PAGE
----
NEW YORK (May. 22)
Left-wingers have interpreted Jewish law, but this summer a different group will look at Jewish rituals through a left-leaning lens.
"Halacha for Lefties" is one of 30 continuing education courses being offered this summer by the Drisha Institute for Jewish Education, a Jewish women’s study program in New York. The class will focus on left-handedness and its relevance to Jewish law.
"There are many moments in the course of performing a ritual in which the question arises, `How do I do this?’" explained instructor Laurie Adlerstein. "When you’re a lefty, the question is compounded."
Adlerstein, herself a lefty, said ritual precision concerning the left and right sides of the body play a role in many aspects of Jewish law.
The reasons for the distinction between left and right differ according to which ritual is being performed, though a general explanation emanates from the symbolic representations assigned to the polar sides.
Right extremities are commonly considered stronger than the left and therefore used to represent importance or swiftness in carrying out God’s commandments.
Lighting Shabbat candles, for example, is often initiated by the right hand to show the importance of serving God. Often, the left symbolizes weakness.
A left-handed person, however, would associate strength with his dominant hand and not with his right hand, which would be his weaker limb.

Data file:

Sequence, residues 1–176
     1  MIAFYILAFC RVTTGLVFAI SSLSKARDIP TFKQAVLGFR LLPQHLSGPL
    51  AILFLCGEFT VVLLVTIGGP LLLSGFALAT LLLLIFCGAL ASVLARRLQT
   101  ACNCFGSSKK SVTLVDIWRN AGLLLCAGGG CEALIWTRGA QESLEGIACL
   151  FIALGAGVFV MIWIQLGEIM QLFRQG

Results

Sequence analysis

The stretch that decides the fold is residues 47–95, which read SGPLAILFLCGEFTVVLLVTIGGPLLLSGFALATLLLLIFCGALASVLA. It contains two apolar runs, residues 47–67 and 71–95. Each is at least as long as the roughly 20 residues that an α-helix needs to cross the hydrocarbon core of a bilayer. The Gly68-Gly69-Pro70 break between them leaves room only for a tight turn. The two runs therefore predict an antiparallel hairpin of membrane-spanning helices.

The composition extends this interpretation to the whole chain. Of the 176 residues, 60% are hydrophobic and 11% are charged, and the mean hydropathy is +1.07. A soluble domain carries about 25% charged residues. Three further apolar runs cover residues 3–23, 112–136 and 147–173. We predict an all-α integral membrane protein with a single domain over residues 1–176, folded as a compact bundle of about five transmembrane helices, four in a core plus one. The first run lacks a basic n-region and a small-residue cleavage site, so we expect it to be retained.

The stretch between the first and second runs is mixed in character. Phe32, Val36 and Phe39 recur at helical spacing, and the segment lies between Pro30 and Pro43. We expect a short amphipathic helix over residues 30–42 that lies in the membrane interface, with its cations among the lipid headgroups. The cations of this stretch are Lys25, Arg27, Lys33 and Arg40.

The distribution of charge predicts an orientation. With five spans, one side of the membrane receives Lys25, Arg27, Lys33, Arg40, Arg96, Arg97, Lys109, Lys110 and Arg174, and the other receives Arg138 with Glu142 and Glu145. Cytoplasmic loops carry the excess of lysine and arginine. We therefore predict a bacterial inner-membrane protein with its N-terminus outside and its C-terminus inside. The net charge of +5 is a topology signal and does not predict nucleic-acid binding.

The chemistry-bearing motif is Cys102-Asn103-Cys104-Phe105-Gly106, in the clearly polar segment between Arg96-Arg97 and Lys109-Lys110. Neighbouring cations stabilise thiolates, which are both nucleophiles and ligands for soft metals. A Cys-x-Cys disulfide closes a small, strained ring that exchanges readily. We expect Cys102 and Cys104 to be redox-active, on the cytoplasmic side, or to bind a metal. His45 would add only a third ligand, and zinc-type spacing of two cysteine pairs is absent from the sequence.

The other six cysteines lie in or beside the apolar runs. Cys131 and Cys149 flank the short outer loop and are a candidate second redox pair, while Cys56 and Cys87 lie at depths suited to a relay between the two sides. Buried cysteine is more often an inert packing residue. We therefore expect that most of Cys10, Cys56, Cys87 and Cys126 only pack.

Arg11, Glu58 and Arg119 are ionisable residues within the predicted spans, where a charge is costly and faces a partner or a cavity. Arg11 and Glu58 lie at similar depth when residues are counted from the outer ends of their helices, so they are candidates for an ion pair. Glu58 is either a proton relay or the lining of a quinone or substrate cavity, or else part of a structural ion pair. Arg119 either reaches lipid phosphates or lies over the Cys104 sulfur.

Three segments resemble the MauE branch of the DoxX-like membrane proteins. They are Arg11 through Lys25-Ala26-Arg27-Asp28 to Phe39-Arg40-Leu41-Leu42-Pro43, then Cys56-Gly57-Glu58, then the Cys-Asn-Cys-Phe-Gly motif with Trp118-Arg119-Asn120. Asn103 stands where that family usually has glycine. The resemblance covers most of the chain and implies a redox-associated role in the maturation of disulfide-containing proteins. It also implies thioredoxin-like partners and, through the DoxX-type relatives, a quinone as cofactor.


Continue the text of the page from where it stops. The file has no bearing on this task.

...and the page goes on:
"Between right and left, it’s not just knowing which hand to use but why you’re using this particular hand," said Adlerstein, which is why she said the class is relevant for right-handed people also.
When washing the hands before eating bread, for example, the right hand is normally washed first in a show of strength.
When praying the Amidah, the silent recitation of a series of blessings, it is necessary to take three steps backward when ending the prayer. Normally, the first step is taken with the left foot to show one’s reluctance to leave God. Whether theses movements can simply be reversed to properly represent the implied meanings are debatable, but other dilemmas are more easily solved.
Male lefties are confronted with this issue daily when donning tefillin, or phylacteries. The shell, or the arm piece, is normally placed on the left, or weaker arm. Lefties, however, are instructed to bind the shell to their right limb.
"The left hand for him is like the right hand of other people," Adlerstein said, referring to a principle in the Talmud.
According to Kabbalah, Jewish mystical tradition, the right is also associated with God’s mercy while the left signifies judgment. This further confuses the issue of whether it becomes appropriate to reverse right and left movements.
"Halacha seems less concerned with branding people righties and lefties than with ensuring that commandments are performed in an appropriate manner," Adlerstein said.